As a student teacher I’m learning that the gift of curiosity will take me a long way in the teaching field. You have to be intrigued enough to find things out on your own. As a new teacher, we’ll get a lot of training, but it’s also going to take grit, determination, and the ability to always want to learn how to do the job better. Because it is one of the most important jobs we’ll ever have.

#ImAmber #SH21 #Schoolhouse21 #Teach21#Teach21Yearbook

Lindsey’s Story


I was born to be a teacher. I can tell you my story, and what lead me to this point, but the truth is, there are some people who were just born to be teachers, and I’m one of them.

Of course I was the kid who played school with my barbies and my stuffed animals. I was the kid who asked for crayons for Christmas instead of video games. I was the kid who spent summer vacations snuggled with up a good book instead of playing outside.

When I was about eight years old, I recall wanting a life size barbie REALLY bad. My parents told absolutely not. My birthday and Christmas had come and gone; therefore, my parents couldn’t justify shelling out that much money for a “want”.
Stubbornness and determination took over. The following weekend, I set up a lemonade stand and earned half of what the doll cost. A lightbulb went off.

I wasn’t great at math, but when I started applying math concepts to real life situations, everything just made sense to me. And I’ve carried that with me. That’s my teaching style. I create project-based activities and loop in the mathematics. My students aren’t just learning how to do math, they’re learning how to do life.

#ImLindsey #SH21 #Schoolhouse21 #Teach21#Teach21Yearbook

Sam’s Story


I’m probably the most positive person on earth. I would say that acting from a place of positive intent has helped me be a better teacher. I don’t automatically assume that students chose not to do the right thing. Teaching from a place of positive intention helps me seek to understand students instead of labeling them based on my own thoughts, beliefs, and past experiences.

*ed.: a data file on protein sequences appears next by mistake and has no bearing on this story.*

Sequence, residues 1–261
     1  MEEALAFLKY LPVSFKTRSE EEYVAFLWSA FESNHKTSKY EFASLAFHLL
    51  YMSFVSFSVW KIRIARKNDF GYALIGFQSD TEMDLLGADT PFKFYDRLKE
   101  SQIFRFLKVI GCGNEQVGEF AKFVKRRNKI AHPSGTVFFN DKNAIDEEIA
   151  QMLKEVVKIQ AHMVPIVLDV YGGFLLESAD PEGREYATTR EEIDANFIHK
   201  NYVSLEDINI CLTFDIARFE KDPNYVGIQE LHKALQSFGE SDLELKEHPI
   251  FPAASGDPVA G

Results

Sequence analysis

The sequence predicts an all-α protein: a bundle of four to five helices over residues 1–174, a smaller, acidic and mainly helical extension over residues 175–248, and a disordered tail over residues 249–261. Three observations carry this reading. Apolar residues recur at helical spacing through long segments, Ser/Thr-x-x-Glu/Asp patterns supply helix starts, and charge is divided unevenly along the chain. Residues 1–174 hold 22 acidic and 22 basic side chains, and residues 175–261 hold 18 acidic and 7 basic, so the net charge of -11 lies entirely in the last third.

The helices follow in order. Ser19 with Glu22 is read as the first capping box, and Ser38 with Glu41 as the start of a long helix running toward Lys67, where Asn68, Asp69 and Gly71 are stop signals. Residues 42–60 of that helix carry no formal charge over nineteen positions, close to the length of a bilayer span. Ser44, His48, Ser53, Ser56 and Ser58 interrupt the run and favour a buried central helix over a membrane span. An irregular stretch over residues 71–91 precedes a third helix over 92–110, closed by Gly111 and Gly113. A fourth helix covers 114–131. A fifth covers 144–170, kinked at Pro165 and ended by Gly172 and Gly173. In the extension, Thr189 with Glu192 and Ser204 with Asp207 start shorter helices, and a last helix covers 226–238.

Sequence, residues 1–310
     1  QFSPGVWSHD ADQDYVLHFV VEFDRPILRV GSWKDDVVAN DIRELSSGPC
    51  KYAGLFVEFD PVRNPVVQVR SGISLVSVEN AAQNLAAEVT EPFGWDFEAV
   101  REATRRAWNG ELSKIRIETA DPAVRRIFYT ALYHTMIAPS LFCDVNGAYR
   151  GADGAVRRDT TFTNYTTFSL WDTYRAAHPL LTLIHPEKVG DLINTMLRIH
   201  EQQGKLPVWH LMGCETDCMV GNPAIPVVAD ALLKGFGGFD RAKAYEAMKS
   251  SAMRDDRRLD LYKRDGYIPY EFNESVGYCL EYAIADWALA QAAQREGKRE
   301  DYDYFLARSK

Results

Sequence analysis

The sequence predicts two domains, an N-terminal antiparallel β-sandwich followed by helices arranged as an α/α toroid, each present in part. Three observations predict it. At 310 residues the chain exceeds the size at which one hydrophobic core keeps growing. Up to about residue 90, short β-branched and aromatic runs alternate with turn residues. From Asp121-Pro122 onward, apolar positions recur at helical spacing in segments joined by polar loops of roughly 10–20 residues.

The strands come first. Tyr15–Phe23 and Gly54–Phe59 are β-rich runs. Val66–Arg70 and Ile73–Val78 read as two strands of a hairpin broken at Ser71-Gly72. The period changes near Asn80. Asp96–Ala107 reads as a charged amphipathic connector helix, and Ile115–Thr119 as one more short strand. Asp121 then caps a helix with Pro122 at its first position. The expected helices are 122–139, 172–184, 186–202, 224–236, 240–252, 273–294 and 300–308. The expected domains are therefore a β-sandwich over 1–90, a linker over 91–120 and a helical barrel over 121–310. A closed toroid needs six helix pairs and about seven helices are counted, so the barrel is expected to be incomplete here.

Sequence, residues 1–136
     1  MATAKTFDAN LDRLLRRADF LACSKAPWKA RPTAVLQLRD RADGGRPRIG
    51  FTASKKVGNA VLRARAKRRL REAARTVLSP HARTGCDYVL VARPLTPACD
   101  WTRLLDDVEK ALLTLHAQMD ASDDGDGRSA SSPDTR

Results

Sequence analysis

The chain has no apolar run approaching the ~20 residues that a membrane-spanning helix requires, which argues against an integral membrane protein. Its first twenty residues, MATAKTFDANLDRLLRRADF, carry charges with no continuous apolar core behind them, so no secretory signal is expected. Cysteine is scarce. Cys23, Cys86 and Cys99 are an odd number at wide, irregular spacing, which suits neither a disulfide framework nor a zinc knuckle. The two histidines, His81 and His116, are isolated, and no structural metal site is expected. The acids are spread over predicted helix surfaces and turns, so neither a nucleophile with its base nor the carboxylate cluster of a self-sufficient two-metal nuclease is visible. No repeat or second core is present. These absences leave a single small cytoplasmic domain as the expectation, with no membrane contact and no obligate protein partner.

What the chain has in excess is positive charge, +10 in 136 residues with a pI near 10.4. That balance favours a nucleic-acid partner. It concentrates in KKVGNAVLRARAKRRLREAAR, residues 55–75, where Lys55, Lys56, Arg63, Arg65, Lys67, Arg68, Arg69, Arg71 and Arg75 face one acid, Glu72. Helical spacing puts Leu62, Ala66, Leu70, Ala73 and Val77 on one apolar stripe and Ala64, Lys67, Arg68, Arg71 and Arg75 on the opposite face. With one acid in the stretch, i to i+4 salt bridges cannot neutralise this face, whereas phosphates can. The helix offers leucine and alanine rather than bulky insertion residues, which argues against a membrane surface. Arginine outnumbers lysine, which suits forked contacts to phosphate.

#ImSam #Teach21 #Teach21Yearbook#Schoolhouse21

Lincoln’s Story


I have a big family. I have two older sisters and three younger brothers. My father always taught me the value of being a great role model for my little brothers. I can remember him saying, “It’s your job to show them the way. You don’t have to be perfect, but you have to show them how to be a good person in spite of the imperfections.” I don’t know, my dad was just an amazing man and he taught me how to be an amazing man.
I take the lessons I was taught growing up into my classroom each day. There are so many young men who are lost. They don’t have positive role models at home or their role models are busy trying to put food on the table. Either way, they’re left surviving out here on their own.
I started a club just for my students. I teach them everything! How to change a tire (using my own car), how to apply cologne without killing the ladies, how to cut your own hair if you don’t have the money, how to prepare your own dinner…how to survive. And how to be a great citizen and a great person.
We dive into academics. And I think I’m a pretty good teacher. But the connection I have beyond the academics far exceeds anything. Without that, I couldn’t teach them math…they wouldn’t be in a space to hear me.
#SH21 #Schoolhouse21 #Teach21#Teach21Yearbook #TeachersBeEverywhere